Ironically their biggest complaint and reason for them wanting us to put him on a schedule has to do with the fact that he's moody and screams for about an hour on Mondays. I can think of plenty of Mondays where I was bitchy at work because I would rather be home sleeping in or laying on the couch vegging in front of something stupid that I didn't have to pay attention to so I could take a nap. Imagine that manifested in 4 year old form -- screaming yelling and stomping.
"Incidents are far more likely to be reported, but are no more common"
Okay, this one always bugged me. If the incidents aren't reported, how does anyone know how common they are? What's the source for this? O.o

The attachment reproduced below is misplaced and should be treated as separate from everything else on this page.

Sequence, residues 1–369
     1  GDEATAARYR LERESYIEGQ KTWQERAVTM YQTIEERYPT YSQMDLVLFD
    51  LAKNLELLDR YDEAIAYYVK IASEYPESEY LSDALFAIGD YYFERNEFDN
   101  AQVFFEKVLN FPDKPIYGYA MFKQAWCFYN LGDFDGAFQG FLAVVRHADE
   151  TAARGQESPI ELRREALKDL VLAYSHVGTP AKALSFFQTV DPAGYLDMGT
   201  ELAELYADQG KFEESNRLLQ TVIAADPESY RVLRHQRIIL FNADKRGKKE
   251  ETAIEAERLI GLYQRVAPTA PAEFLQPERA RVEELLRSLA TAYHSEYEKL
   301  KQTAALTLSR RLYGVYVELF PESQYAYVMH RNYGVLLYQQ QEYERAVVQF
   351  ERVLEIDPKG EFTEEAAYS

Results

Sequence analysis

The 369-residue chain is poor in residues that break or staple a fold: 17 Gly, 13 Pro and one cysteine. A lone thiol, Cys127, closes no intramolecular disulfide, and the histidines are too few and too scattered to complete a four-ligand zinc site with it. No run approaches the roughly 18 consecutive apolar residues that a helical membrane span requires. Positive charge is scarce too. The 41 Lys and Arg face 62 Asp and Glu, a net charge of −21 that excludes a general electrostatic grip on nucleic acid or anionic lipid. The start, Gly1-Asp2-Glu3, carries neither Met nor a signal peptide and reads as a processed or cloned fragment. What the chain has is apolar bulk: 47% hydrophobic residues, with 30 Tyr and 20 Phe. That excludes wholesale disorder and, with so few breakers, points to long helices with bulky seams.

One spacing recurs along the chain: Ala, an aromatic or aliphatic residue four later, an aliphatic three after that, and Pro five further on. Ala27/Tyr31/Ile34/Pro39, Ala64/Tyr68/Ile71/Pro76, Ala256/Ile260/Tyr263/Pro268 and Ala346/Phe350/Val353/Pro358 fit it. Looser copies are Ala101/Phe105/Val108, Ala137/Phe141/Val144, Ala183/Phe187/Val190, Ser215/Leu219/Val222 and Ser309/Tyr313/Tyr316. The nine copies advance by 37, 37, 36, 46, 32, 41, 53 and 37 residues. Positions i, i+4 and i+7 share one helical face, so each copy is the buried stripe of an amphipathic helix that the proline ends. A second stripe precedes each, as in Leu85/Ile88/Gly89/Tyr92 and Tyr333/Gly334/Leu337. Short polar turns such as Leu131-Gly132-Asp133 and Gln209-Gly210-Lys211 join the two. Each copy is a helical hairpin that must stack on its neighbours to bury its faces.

This data comes from several sources. In part, the assumption of a lack of increase is a logical inference because rates of reporting rose drastically in the late 70s and 80s, but since the mid-late 80s, the rate of reported assaults has remained fairly constant for a few years and then declined significantly though most of the 90s data from here
. This indicates that the rise in reporting may be causing less of this nonsense to happen. Clearly, the rates of child sexual abuse is much lower now than it was in the early 90s (which was in general, a peak period for all violent crime).
Also, various groups have interviewed moderately large (several hundred to 1,000 or so) numbers of adults to see how many were abused as children and their data also bears the other data out.
Also, every other crime rate (both violent and not) has remained roughly constant since the 1950s, some years the violent crime rate is up, some years it is down (like the rates of child abuse, the rates of all violent crime decreased in the mid to late 90s). The stories of continuously increasing rates of violent crime are universally lies told by conservatives.
I'll see if I can dig up the hard data on this, I last saw it several years ago.